Each employee must notify the university’s Human Resources Executive Director in writing no later than five days after being convicted for any criminal alcohol or drug statute violation. A conviction is a finding of guilt (including a plea of no contest or nolo contendere) or imposition of sentence, or both, by any judicial body charged with the responsibility to determine violations of the criminal drug statutes. The university must take disciplinary action within 30 days after receipt of any notice; disciplinary sanctions include action up to and including termination, in accordance with university policies and procedures.

Colorado Immunity from Arrest and Prosecution Law

Colorado law protects people from criminal prosecution for certain drug and alcohol violations if they call for help in an alcohol- or drug-related emergency, including marijuana (C.R.S. §18-1-711). The caller will be immune from criminal prosecution if they comply with the following:

  • The caller must provide their name to police or emergency medical services
  • The caller must remain on scene until help arrives
  • The caller must cooperate with police and emergency medical services
  • Immunity also extends to the person in need of medical attention if that person complies with these same requirements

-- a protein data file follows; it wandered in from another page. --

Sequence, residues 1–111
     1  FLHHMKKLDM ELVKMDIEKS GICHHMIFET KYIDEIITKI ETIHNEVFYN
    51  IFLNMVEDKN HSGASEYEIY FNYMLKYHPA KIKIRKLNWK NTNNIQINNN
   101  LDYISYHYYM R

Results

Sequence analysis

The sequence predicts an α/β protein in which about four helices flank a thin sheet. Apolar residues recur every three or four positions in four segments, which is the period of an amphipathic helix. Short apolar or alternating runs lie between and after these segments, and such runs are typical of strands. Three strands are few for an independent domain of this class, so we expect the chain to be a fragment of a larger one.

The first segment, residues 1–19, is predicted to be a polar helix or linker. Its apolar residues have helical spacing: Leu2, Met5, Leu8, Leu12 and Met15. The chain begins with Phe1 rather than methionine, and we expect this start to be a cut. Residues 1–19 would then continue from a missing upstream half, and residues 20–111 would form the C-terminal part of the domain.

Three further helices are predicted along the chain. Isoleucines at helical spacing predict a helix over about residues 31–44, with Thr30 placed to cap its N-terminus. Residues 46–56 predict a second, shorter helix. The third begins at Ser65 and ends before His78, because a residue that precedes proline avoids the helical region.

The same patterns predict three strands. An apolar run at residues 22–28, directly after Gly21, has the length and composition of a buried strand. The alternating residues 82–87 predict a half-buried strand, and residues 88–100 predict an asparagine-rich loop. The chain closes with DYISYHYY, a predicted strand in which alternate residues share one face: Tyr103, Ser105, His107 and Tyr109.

CSU Responsible Action Exemption Policy for Students

Students who seek medical attention for themselves or on behalf of another student related to drugs or alcohol consumption will not be charged with Student Conduct Code violations relating to that incident when they seek medical attention for themselves or another student either on or off campus.

  • The student seeking exemption for the emergency must comply with the recommendations of the Student Conduct Services hearing officer. These may include an assessment related to drug or alcohol use and treatment recommendations, among others.
  • Failure to complete an assessment may result in charges against the student filed with Student Conduct Services.
  • The parents or guardians of students may be notified by the university if a student involved in the situation is younger than 21 and was transported to the hospital for medical attention.

More information on the policy resolutioncenter.colostate.edu/discipline-process-individual/.

Marijuana Use and Possession on Campus

The use and possession of marijuana is prohibited on campus. The potential health and behavioral impacts of marijuana do not fit with CSU’s mission as an academic institution and a safe, fast-paced, high-functioning work environment. Possessing, using, or selling marijuana continues to be prohibited on campus and during university activities. Federal agencies continue to enforce federal law against those who facilitate the illegal use of marijuana, despite state law.